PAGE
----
In addition to natural landmarks, Nebraska boasts a large number of historically rich attractions. One such spot—the Great Platte River Road Archway near Kearney—walks visitors through America’s westward journey, bringing the pioneer road to life through multimedia exhibits including film, computer graphics, life-size dioramas, and more.

See the boyhood home of Henry Fonda and experience living history at the Stuhr Museum of the Prairie Pioneer in Grand Island. Photo Courtesy of G. Ryan, Nebraska DED

The Stuhr Museum of the Prairie Pioneer in Grand Island, too, recognizes the importance of our past with a living history experience like no other. In the summer months, Railroad Town—the museum’s own 1890s village—is buzzing with townspeople dressed in period clothing. The town depicts pioneer life with more than 60 original structures including shops, homes, and barns.

One of the state’s most outstanding attractions is near Beatrice. Homestead National Monument of America brings to life the homesteading story and the importance that the Homestead Act of 1862 had on the settlement of Nebraska. You can travel west along the Heritage Highway to visit the home of Pulitzer Prize-winning author Willa Cather, who wrote about life on the Great Plains.

Of course, you can’t talk about the Old West without mentioning cowboys. At the Buffalo Bill Ranch State Historical Park in North Platte, you’ll learn all about the life of one of the most famous cowboys, including his stint as a Pony Express rider, his famous Wild West Show, and his scouting experiences.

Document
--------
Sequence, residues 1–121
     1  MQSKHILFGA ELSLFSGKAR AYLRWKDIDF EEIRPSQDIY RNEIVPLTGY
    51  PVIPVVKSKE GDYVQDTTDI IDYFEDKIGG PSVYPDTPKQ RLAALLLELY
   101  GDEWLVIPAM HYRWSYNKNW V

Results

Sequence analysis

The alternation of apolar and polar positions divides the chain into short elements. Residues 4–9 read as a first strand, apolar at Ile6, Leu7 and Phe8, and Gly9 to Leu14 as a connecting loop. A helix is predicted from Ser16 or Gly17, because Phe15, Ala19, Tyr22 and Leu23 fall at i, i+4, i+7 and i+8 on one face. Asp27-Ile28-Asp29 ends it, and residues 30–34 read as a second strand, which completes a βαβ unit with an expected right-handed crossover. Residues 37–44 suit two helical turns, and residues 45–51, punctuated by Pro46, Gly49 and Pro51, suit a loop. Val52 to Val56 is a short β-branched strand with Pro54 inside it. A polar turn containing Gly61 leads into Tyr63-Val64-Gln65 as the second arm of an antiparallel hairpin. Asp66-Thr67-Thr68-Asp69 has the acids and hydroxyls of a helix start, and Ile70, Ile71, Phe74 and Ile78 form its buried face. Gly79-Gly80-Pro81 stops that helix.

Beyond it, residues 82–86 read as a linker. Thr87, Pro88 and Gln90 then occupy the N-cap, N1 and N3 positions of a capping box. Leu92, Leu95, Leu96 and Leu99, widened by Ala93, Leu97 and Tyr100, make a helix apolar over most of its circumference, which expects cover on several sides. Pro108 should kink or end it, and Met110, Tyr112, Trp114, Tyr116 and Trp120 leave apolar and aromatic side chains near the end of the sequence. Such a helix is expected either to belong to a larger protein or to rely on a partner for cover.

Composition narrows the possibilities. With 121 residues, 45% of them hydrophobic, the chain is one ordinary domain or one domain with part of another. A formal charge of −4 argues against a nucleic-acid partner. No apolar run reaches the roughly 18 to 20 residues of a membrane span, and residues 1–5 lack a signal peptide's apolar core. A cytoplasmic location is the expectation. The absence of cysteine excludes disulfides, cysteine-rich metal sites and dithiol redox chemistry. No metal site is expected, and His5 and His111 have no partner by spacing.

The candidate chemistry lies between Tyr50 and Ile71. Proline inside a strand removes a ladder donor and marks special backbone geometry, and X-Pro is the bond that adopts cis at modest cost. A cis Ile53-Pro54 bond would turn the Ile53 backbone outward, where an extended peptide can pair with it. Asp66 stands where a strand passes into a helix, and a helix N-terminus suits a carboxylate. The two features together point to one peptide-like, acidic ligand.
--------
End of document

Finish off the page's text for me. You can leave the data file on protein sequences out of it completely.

Dig right in

Ashfall Fossil Beds State Historical Park near Royal offers visitors a unique opportunity to watch paleontologists unearth the fossils of prehistoric animals. Photo Courtesy of R. Neibel, Nebraska DED

Nebraska also has some bragging rights when it comes to ancient history. Case in point—Ashfall Fossil Beds State Historical Park. Check out the Rhino Barn to see fossils of barrel-bodied rhinos, camels, horses, saber-toothed deer, and more, all which are being carefully uncovered within full view of the visiting public.

In addition, Nebraska is home to the world’s premier collection of mammoths and mastodons. Lincoln’s University of Nebraska State Museum of Natural History, also known as Elephant Hall, wows visitors with its massive fossil structures, the largest being a 14-foot male mammoth. Jurassic dinosaurs and prehistoric rhinos and horses are also on display.

Two more great spots to get the dirt on paleontological finds are Agate Fossil Beds National Monument near Harrison and the Hudson-Meng Research and Education Center near Crawford. If you’re in the area and wanting to do a little digging yourself, make a stop at High Plains Homestead. The unique guest ranch offers guided and unguided fossil hunting excursions.

Possibilities . . . Endless

Planning a group getaway to Nebraska is easy, so get started today. Simply check out the Group Travel Planner at VisitNebraska.gov, or contact individual destinations for information on group packages and planning.

Contact Information:

Paula Bohaty, Group Travel Manager, Eastern Nebraska Tourism Consultant
Nebraska Travel & Tourism
301 Centennial Mall South| P.O. Box 98907, Lincoln, Nebraska 68509
402 471-3744 |  402 471-3026 fax |  800 228-4307
Paula.bohaty@nebraska.gov